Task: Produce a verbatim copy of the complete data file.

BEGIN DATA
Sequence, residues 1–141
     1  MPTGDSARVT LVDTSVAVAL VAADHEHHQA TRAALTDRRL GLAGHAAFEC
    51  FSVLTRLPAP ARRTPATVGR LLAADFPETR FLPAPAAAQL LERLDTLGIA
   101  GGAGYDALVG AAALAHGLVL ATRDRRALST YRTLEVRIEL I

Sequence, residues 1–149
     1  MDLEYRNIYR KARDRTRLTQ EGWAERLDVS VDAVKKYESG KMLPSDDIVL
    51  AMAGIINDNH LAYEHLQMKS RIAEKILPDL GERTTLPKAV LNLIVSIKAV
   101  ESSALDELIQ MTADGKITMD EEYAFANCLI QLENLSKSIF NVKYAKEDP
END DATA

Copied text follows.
Sequence, residues 1–141
     1  MPTGDSARVT LVDTSVAVAL VAADHEHHQA TRAALTDRRL GLAGHAAFEC
    51  FSVLTRLPAP ARRTPATVGR LLAADFPETR FLPAPAAAQL LERLDTLGIA
   101  GGAGYDALVG AAALAHGLVL ATRDRRALST YRTLEVRIEL I

Sequence, residues 1–149
     1  MDLEYRNIYR KARDRTRLTQ EGWAERLDVS VDAVKKYESG KMLPSDDIVL
    51  AMAGIINDNH LAYEHLQMKS RIAEKILPDL GERTTLPKAV LNLIVSIKAV
   101  ESSALDELIQ MTADGKITMD EEYAFANCLI QLENLSKSIF NVKYAKEDP